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Organziation - T A B L E O F CO N T E N T S MOTIVATION A...

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TABLE OF CONTENTS MOTIVATION A CRUISE WITH THE BOSS? A BOX OF TIMBITS? TIME TO GET SERIOUS ABOUT REWARDING EMPLOYEES Barbara Moses . The Globe and Mail . Toronto, Ont.: Apr 28, 2010 . pg. B.16 2010 CTVglobemedia Publishing Inc. All Rights Reserved. As organizations begin to recover from the recession, picking the right way to reward a job well done, and avoiding common pitfalls, will be critical to repairing wounds to morale and restoring staff confidence and loyalty [email protected]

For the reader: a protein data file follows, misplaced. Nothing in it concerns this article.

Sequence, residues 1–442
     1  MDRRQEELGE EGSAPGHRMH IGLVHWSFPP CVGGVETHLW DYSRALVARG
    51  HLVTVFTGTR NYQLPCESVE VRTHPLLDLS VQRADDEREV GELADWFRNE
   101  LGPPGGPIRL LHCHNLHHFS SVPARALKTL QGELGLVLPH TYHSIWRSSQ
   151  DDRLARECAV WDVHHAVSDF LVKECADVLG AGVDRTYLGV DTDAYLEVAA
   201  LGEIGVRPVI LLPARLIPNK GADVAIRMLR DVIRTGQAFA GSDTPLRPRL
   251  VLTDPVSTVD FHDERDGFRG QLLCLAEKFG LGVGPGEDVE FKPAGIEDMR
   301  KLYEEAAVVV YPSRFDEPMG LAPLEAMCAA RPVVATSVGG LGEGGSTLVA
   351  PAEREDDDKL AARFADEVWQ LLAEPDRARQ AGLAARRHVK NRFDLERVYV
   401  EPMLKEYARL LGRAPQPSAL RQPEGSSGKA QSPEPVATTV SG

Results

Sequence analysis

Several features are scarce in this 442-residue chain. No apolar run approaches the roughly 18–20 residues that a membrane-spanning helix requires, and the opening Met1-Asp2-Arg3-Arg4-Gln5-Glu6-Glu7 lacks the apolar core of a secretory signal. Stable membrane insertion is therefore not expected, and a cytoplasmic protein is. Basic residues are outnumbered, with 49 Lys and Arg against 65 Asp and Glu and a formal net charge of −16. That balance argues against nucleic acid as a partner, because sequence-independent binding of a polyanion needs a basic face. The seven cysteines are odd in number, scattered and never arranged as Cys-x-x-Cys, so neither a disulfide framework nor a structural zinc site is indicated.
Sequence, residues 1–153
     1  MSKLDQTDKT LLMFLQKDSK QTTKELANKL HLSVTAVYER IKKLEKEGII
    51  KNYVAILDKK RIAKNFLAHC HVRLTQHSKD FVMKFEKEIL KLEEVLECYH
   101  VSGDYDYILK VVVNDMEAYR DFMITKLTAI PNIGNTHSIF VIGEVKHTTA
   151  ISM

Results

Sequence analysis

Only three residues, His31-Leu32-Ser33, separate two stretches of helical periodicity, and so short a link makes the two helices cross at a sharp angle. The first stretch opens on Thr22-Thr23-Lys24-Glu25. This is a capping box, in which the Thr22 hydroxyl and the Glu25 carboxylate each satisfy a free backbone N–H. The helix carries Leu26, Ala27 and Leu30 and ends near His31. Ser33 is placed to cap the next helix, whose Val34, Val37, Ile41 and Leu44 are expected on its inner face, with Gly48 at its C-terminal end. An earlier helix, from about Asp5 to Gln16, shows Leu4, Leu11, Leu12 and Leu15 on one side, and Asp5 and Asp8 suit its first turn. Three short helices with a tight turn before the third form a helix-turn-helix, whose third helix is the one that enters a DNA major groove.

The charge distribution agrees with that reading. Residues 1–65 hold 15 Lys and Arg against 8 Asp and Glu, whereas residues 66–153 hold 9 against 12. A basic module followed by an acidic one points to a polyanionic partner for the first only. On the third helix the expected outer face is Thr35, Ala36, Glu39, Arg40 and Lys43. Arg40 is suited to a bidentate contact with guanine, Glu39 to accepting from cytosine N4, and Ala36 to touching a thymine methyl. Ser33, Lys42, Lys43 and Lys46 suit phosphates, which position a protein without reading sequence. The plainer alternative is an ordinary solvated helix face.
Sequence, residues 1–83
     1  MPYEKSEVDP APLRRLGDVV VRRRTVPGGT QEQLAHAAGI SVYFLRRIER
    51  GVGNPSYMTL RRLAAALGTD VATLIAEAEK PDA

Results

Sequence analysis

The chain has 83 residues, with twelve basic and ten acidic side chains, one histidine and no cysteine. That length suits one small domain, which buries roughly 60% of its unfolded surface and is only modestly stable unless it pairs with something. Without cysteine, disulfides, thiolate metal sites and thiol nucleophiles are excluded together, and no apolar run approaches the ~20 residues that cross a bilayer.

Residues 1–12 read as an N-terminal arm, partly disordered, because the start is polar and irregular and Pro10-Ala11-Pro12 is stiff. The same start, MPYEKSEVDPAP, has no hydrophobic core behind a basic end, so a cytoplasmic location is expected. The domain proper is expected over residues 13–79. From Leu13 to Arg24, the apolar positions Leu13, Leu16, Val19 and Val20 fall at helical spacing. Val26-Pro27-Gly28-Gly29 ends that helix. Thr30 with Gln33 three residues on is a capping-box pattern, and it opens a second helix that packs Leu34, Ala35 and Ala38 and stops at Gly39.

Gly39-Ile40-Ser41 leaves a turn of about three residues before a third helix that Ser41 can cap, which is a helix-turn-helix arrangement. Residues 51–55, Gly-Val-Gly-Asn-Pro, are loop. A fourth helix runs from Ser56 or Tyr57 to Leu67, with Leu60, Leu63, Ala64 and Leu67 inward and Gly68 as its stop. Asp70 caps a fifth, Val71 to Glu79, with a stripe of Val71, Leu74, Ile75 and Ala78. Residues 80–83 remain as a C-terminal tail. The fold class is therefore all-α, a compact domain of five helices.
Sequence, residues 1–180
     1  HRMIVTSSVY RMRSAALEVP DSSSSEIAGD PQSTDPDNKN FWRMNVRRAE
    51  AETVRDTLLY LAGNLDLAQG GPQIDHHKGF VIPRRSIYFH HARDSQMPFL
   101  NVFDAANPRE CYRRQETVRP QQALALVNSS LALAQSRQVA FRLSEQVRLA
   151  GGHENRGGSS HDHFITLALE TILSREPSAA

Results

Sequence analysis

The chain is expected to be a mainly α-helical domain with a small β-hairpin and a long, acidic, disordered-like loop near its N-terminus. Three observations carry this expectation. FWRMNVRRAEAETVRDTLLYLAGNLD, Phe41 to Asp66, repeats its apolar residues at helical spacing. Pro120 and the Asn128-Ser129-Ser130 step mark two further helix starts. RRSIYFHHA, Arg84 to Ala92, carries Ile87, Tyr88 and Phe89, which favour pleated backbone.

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A client was selected as one of the top performers in her organization. Her reward: a one-week Caribbean cruise - with company executives. It hardly pleased her. In fact, she was aghast. The prospect of going on a cruise, especially with senior management, was her idea of hell. "I don't like schmoozing, I don't like feeling trapped. Why couldn't they just give me the money?" she said. She went on the cruise - but she spent much of the week working in her stateroom. Another person I know recently celebrated 25 years with her employer. To honour her long service, her boss brought in a box of Timbits. The woman felt insulted. She said she would have preferred to receive nothing rather than "a piddling box of doughnuts." As these stories illustrate, employers may have the best intentions when recognizing employees, but it is easy for so-called rewards to go awry. Getting them right is especially important now. The past year and a half has not been a very rewarding period for employees, who saw traditional incentives of salary increases, bonuses and training and development replaced with income cuts, shrunken career opportunities, job anxiety and increased workload without compensation. Indeed, judging from recent employee survey results that clients have told me about, even rewards that don't cost anything, such as compliments for work well done, have been in short supply. As organizations start to recover from the recession, picking the right ways to reward employees, and avoiding common pitfalls, will be critical to repairing wounds to morale and restoring staff confidence and loyalty. Rewards come in many forms, from the extrinsic - monetary bonuses, events such as dinners, conferences or speeches, and praise - to the intrinsic - the internal pleasure of having completed something in a way that met personal needs, whether by having contributed to an important project or executed a piece of work to the highest standards. Some extrinsic rewards, such as money and appreciation, are valued by almost everyone. But even these must be tailored correctly to the situation and the person, or they can backfire. Take appreciation for a job well done. A professional who has been doing the same type of work for many years knows when he or she is doing a good job. A compliment for work people can do with their eyes closed can be irritating and feel empty. In order for the praise to be truly motivating and appreciated, it needs to be tied to something the person values and is proud of.
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